During construction work operators should:
Consider how they intend to control access to site;
Ensure ID passes are issued to all contractors and visitors and an audit kept of issue and return;
Make sure that all works staff receive a security awareness briefing; and
Consider if and how works affect existing security arrangements and procedures.
Links to other public transport systems
At locations where light rail systems interface with other transport networks such as heavy rail, underground or bus, operators should jointly discuss what security measures are appropriate, consulting other stakeholders including the police, the local authority, tenants etc. Larger railway stations should already have a station security committee comprising the key stakeholders involved in ensuring an effective security regime; light rail operators should join these. Where light rail stops and termini fall within a regulated rail station14, the security regime adopted for light rail will usually be equivalent. We will be reviewing the security arrangements at interchanges over 2014-2015 as part of our wider review of the Railway Instructions and National Railway Security Programme. Responsibility for complying with the security regime at interchanges lies with the owner or operator of the relevant asset. If you are in any doubt as to whether or not any of your light rail stations will be affected by this, please contact the DfT for clarification.
Image: Nottingham Tram & Bus © Nottingham City Council
Where a light rail station interfaces with a regulated heavy rail and / or underground interchange, jointly discuss what security measures are appropriate with other stakeholders, as a matter of best practice.
Be involved in the station security committee, in order to understand and contribute to the security arrangements in place.
Where a light rail station falls within a heavy rail / underground station, the security regime adopted for light rail will usually be equivalent to that of the heavy rail station. If you are in doubt, contact the DfT.
Control of access to public / non-public areas
Members of the public should not be able to gain access to non-public areas such as staff rest rooms, store rooms and cleaners cupboards. All doors in public areas leading into non-public areas should be kept locked or controlled to prevent unauthorised access. This can help to minimise areas that need to be searched and patrolled. Ideally, keys for doors should be kept in a secure location controlled by a responsible person and a record kept of who has the key. If access is controlled by keypad, the code should only be given to persons with a legitimate need to know. We recommend that codes are changed regularly (on a frequency to be determined locally), depending on the number and turnover rate of staff with knowledge of the code. Keypad codes should be changed from the factory setting immediately on being installed. Securing your station will reduce the opportunity for criminal, as well as terrorist activity.
It is important to be aware of the potential threat from Vehicle Borne Improvised Explosive Devices (VBIEDs). The movement of vehicles around and into stations and termini should be controlled where possible. Ideally, access to all vehicles should be prevented and distance should be provided between drop off points and the operational infrastructure, however where this is unavoidable (e.g. delivery to a retail outlet, access to staff parking areas) we recommend the use of access controls. Measures that can be introduced include:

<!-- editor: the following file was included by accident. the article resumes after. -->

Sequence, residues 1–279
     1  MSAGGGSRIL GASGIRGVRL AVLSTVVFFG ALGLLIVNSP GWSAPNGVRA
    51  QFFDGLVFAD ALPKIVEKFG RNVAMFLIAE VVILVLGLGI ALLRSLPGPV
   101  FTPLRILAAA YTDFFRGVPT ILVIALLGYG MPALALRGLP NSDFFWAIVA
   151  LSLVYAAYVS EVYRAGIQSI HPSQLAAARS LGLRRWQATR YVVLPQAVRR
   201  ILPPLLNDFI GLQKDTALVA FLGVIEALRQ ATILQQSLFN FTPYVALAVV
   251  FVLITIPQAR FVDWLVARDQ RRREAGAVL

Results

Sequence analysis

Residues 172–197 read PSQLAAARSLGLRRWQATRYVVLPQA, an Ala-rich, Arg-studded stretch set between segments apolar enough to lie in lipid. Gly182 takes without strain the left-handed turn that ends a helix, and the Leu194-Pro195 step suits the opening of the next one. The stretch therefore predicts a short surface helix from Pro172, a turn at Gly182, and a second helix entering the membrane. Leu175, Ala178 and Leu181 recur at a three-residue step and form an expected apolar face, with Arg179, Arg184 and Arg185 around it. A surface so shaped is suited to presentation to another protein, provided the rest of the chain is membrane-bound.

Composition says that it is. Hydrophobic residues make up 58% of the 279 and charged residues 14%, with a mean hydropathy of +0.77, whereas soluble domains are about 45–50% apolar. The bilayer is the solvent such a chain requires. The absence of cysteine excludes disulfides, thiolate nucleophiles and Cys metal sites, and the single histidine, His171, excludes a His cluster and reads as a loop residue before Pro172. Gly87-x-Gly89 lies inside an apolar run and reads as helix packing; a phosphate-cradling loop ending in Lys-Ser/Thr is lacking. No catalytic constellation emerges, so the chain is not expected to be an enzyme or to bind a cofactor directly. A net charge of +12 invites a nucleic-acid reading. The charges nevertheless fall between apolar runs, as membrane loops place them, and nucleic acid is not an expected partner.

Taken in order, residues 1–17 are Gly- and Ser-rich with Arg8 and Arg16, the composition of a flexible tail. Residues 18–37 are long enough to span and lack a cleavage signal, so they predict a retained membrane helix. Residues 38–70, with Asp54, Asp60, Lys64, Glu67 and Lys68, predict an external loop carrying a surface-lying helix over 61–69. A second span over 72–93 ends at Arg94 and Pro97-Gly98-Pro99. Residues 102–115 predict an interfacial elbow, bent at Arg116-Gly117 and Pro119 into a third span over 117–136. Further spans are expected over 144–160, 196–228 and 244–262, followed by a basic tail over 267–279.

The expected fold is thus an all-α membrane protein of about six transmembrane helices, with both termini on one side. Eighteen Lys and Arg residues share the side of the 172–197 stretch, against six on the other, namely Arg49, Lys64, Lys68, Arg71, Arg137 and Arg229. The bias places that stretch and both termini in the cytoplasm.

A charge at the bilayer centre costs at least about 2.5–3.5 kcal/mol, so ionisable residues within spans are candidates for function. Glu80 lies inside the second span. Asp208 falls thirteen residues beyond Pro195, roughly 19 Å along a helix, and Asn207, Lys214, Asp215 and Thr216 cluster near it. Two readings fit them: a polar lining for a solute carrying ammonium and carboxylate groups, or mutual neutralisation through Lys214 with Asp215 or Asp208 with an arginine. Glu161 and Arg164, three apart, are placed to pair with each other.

A parking permit system for staff and, where appropriate, for vehicles of visitors and contractors;
Monitoring retail delivery vehicles to ensure that they do not stay on a station for longer than is necessary; and
Pre-arranged deliveries only.
Ideally, these measures should be incorporated into stations from the initial design and build stage, using SIDOS guidance (refer to paragraph 5.2). Building HVM measures into new stations / refurbishments will often lead to the most effective and economical outcome.
It is also important that you consult local police to agree a system for reporting and dealing with any suspicious vehicles, and to liaise regarding evacuation plans.
Visitors and contractors
All visitors and contractors should be required to report to the station manager or other responsible person to notify their arrival at the station. It is good practice to require them to sign in a log book. This provides important audit information, including sign in/out times and the purpose of the visit, and can be crucial in the event of an emergency evacuation of the premises.
We recommend that you give visitors a security awareness briefing along the following lines:
If the person is issued with a visitor pass, it should be displayed prominently at all times when they are on the premises;
If the person has a vehicle parked on site, any work / parking permits should be displayed prominently in the windscreen;
Be vigilant when around the premises. Should a suspicious item be found, do not touch it, but contact a member of staff as soon as possible. Similarly, if a person is seen to be acting suspiciously, contact a member of staff; and
Ensure that all doors are properly closed/locked when you are leaving, particularly those doors that lead to non-public areas. Do not allow anyone to "tail-gate" into non-public areas. If you are leaving a work site, ensure that it is locked and all equipment has been securely stored.